Not only would a USF victory over Rutgers on Wednesday night be important from a morale standpoint – the Bulls have dropped consecutive games to the Scarlet Knights by a combined score of 80-16 – but also it would set a milestone as the 100th win in program history.
“It’d be a great mark to be able to reach,” said coach Skip Holtz, only the second football coach in school history. “You look at it, coach (Jim) Leavitt has done a great job with this program. When you’re introduced as the second head coach in school history, you start to take notice. When the oldest alumnus that played football here is 32 years old, those are the things you keep going, ‘Wow, we are young.'”
In 13 years as head coach, Leavitt went 95-57, taking the Bulls to five straight bowl games (and three bowl victories) before being fired after the 2009 season.
A win would put the Bulls (4-3) in position for a sixth straight bowl appearance. USF, which beat Cincinnati 38-30 Friday Oct. 22, now needs just two more wins to become bowl eligible. After Rutgers, the Bulls have games against Louisville, Pittsburgh, Miami (Fla.) and Connecticut.
And while Holtz tries to keep his team focused on the Big East race, there’s more at stake on Wednesday.
“We’re a very young program. At East Carolina and Connecticut, we celebrated the 100th year anniversary. Here we’re looking to celebrate the 100th win,” Holtz said. “It’s a real testament to coach Leavitt and so many of the players that have been through here and to this community, to watch this program grow at the pace that it’s grown. It just shows the unlimited potential of this program and what it could become.”
Preparing for “wild” package
Rutgers will pose a challenge USF hasn’t often faced.The Scarlet Knights’ offense specializes in running “wildcat” plays with soph more Mohamed Sanu, a 6-foot-2, 218-pound wide receiver who leads the team in rushing and receiving yards.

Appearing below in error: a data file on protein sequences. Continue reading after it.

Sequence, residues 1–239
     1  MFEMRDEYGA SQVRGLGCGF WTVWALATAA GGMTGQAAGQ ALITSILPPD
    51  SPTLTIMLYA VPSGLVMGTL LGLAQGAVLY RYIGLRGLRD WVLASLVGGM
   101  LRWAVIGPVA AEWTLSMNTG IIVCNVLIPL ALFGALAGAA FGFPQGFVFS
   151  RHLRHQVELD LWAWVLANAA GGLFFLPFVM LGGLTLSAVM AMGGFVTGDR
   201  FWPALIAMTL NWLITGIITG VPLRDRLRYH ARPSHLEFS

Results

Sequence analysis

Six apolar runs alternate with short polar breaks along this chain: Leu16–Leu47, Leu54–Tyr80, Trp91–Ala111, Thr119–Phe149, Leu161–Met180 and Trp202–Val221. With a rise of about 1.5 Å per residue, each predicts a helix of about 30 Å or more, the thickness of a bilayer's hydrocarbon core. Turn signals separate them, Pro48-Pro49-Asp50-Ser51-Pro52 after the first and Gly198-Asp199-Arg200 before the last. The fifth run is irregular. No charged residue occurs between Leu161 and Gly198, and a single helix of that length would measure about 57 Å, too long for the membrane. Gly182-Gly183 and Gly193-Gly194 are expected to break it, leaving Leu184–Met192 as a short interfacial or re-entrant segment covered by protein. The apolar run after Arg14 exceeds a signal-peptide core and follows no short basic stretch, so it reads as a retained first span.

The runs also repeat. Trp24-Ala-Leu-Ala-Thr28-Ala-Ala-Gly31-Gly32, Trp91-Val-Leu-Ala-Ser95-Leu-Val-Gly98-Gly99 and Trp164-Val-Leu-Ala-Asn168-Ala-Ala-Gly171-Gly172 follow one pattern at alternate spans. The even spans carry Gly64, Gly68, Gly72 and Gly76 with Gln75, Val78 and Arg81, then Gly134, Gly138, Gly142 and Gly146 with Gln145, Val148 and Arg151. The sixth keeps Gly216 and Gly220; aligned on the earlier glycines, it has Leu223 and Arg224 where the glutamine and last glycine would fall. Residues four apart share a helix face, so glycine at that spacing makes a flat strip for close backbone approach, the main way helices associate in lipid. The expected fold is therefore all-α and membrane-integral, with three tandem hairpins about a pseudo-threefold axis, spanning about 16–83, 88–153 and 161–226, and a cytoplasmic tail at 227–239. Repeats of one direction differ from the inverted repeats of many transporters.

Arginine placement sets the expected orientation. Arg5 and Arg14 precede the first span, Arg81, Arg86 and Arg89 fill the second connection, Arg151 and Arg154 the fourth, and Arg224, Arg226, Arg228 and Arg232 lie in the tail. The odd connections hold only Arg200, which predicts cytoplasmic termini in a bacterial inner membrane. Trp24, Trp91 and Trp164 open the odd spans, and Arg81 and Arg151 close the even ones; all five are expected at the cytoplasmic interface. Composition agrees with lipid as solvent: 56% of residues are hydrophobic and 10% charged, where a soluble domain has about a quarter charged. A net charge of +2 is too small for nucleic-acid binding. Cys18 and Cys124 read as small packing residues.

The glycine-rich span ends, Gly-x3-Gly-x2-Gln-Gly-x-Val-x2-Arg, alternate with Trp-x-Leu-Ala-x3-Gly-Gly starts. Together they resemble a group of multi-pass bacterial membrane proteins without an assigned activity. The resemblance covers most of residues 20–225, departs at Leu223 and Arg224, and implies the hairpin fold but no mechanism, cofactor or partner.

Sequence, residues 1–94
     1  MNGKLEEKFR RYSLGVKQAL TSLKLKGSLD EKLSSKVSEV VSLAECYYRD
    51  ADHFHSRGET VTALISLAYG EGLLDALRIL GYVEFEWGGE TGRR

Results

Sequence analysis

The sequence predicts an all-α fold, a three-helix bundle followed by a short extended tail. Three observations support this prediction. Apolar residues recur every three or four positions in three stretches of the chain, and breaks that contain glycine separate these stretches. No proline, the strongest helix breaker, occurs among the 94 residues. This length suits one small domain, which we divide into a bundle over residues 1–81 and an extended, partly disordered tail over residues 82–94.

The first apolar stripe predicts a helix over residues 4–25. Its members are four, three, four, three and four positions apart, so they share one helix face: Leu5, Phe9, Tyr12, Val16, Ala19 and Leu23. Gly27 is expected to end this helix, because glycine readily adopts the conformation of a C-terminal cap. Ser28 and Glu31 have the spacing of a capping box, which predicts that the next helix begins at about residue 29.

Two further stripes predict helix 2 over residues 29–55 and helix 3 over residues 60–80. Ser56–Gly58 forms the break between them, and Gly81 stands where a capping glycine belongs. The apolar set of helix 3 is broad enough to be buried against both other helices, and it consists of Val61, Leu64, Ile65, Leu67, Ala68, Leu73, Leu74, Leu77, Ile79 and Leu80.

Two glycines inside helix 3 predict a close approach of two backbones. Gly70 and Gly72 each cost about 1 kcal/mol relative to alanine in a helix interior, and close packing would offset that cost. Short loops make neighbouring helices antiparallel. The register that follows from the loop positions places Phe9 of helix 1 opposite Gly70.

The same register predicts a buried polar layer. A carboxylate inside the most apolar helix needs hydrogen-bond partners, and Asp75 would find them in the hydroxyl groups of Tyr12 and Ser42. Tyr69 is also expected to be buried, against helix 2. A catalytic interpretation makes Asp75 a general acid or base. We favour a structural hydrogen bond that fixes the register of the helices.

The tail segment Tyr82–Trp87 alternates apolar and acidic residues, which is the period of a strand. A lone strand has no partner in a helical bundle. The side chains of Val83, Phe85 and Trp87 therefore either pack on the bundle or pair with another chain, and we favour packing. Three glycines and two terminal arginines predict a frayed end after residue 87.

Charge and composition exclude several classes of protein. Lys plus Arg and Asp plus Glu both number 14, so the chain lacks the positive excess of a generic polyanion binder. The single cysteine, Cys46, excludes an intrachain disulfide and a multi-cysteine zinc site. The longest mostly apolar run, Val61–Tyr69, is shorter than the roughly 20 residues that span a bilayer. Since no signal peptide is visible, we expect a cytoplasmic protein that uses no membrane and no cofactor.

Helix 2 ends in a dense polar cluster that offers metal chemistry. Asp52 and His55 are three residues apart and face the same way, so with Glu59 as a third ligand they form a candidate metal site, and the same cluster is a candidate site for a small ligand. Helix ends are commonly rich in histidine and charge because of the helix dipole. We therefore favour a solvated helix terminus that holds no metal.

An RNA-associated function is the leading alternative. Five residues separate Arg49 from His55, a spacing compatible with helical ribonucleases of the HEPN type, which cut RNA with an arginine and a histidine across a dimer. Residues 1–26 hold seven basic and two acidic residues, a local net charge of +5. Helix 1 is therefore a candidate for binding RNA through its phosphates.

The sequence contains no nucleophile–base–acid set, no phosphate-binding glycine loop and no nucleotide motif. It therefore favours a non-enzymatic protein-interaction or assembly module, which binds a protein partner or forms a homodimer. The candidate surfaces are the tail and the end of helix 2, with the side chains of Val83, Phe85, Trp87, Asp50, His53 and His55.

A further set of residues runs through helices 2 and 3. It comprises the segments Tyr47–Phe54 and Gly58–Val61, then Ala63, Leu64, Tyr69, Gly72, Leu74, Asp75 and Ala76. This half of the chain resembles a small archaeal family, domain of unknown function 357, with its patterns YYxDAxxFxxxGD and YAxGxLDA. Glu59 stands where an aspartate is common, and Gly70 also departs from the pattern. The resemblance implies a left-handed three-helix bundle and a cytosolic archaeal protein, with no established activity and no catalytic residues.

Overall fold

The wildcat formation, which generally involves a receiver or running back in the backfield to take a direct snap and either keep the ball or hand it off on a zone-read, is used to outnumber the defense with the quarterback being substituted for an extra blocker.
Holtz said to prepare, the Bulls faced freshman quarterback Jamius Gunsby, who has a similar skill set to Sanu, in practice.
“They’ve gotten a great look from Jamius,” Holtz said. “It is something that’s difficult to stop. It’s almost like they have 12 (players). It’s like they have four receivers and two backs in the backfield, but you only have 11 to defend it with.”
Special teams challenge
Another area Holtz said he’s concerned with is Rutgers’ punt block unit, which has a Big East-leading five blocks through seven games this year.
“That’s probably as worried as I’ll be,” he said. “When you have to send the punt team out on the field, most people will go, ‘OK, we have to punt, the defense is up.’ You better make sure you punt the ball first. They create problems.”